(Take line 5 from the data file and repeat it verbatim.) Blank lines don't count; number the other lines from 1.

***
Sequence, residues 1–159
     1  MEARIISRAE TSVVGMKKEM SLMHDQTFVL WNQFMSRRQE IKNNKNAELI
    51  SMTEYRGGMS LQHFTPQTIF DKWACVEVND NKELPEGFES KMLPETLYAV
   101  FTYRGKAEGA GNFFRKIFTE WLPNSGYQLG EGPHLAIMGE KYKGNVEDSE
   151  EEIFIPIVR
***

   151  EEIFIPIVR